Fanuc Robotics M-2000iA robot is 'world's biggest'

FANUC UK Ltdvisit website


Fanuc Robotics M-2000iA robot is 'world's biggest'Visitors to this year's EuroBlech sheet metal working exhibition in Hannover had the chance to see what is being described as the world's largest and strongest industrial robot, capable of handling a 1200kg payload. The new Fanuc Robotics M-2000iA heavy-duty robot (pictured alongside Fanuc Robotics' LR-Mate Robot) is claimed to set new levels for all-round capability in the heavy-duty six-axis robot sector.

Available in 900kg and 1200kg payload variants – M-2000iA/900L and M-2000iA/1200 – the six-axis robot arm is capable of handling its maximum payload quickly, smoothly and with a high degree of accuracy. Wherever super-heavy components require accurate handling, for example, in the assembly of heavy machine tool components or positioning vehicle bodies, the M-2000iA can provide a safe, fast and repeatable alternative to manual crane-assisted placement. Follow the link to see a bigger image.

Aimed firmly at new applications formerly out of the scope of industrial robots, the M-2000iA is suitable for replacing cranes, transport shuttles and gantry units. A 6.2m vertical reach is provided by the M-2000iA/900L variant while handling its maximum 900kg payload with accurately controlled path and speed. The wrists of the robots are IP67-protected for operation in harsh environments.

Designed for super-heavy and large work pieces, the M-2000iA is a development of Fanuc's all-electric servo-driven M series. The new robot maintains all the flexibility of the lower payload models with a fast joint four wrist speed and the ability to manage high wrist inertias.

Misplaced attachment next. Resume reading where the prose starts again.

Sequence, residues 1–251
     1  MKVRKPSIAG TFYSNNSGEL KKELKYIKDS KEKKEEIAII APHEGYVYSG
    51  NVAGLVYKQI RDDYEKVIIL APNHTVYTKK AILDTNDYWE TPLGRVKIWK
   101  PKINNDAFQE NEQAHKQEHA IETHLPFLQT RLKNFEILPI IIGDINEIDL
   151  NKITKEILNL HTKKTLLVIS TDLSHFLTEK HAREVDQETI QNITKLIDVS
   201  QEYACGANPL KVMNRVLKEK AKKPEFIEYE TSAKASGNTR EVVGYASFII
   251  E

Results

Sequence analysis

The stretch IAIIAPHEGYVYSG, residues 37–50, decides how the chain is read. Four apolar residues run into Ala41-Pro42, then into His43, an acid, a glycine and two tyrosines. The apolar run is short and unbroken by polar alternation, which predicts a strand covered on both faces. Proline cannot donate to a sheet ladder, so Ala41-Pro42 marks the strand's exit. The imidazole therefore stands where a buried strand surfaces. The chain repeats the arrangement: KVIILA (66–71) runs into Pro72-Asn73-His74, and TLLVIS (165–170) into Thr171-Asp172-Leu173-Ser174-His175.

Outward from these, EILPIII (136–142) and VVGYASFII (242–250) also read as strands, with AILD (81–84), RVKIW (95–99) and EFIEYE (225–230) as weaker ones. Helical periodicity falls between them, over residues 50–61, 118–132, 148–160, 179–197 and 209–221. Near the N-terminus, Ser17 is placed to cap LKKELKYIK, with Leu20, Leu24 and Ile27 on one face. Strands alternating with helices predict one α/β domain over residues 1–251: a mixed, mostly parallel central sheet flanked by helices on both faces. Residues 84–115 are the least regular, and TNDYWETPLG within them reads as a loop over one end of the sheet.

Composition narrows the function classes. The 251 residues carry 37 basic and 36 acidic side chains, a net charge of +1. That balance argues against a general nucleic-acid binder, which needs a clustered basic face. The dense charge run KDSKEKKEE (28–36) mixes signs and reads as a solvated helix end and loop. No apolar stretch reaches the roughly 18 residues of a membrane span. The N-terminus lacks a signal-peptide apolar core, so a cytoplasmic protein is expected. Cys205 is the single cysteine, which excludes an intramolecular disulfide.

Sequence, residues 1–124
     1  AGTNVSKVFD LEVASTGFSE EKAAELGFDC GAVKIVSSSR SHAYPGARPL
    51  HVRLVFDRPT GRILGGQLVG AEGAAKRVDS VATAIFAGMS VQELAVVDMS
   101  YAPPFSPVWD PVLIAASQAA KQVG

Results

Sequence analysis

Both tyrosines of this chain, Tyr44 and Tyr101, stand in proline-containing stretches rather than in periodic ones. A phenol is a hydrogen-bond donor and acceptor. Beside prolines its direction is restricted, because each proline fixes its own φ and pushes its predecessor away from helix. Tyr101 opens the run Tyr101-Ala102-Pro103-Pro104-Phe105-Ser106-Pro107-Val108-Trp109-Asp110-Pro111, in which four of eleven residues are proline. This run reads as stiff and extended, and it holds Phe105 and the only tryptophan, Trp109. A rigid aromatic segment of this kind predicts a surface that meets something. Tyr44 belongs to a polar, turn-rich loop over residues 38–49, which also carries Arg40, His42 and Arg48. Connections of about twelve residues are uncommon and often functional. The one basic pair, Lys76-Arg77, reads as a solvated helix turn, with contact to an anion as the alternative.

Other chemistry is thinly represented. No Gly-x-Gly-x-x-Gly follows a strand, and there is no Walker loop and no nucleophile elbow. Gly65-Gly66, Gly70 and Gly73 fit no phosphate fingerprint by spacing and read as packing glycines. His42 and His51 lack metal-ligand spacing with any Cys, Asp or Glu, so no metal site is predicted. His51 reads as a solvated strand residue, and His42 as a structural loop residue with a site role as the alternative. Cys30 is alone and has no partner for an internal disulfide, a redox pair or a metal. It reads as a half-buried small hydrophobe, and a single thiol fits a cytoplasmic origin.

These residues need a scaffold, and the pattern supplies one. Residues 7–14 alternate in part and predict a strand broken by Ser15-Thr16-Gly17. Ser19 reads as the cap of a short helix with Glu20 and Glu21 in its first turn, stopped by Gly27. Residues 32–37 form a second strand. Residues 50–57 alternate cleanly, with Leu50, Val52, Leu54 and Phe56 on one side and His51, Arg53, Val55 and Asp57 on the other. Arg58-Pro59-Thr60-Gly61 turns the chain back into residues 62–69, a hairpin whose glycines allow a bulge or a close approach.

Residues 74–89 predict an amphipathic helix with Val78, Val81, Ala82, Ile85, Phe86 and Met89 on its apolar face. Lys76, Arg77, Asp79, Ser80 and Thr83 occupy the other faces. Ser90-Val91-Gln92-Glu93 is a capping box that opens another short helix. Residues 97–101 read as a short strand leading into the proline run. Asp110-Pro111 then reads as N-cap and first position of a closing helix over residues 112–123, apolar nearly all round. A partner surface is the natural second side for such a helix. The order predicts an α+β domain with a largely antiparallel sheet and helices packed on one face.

The M-2000iA runs with Fanuc Robotics' intelligent controller - the R-30iA series, an open-architecture system with integrated intelligent functions including vision and force sensing. The new Fanuc Robotics controller provides enhancements to performance, an increase in the number of robot arms it can control and a fully integrated vision control system.

Where vision is required, the R-30iA controller helps reduce integration time and cost with its integrated iRVision system. No additional hardware, other than a camera, is required to integrate vision with the new controller.

Control of up to 40 multiple axes is available with the R-30iA controller and when used in multi-arm mode one controller can control four arms and four auxiliary axes groups.

Further reducing the additional control hardware common to any installation, the new controller has its own programmable machine controller (PMC). The PMC has an integrated monitor that enables users to monitor the PMC ladder in a graphic display for all levels and sub-programs that reside in the controller.

© Copyright 2006-14 The Engineering Network Ltd.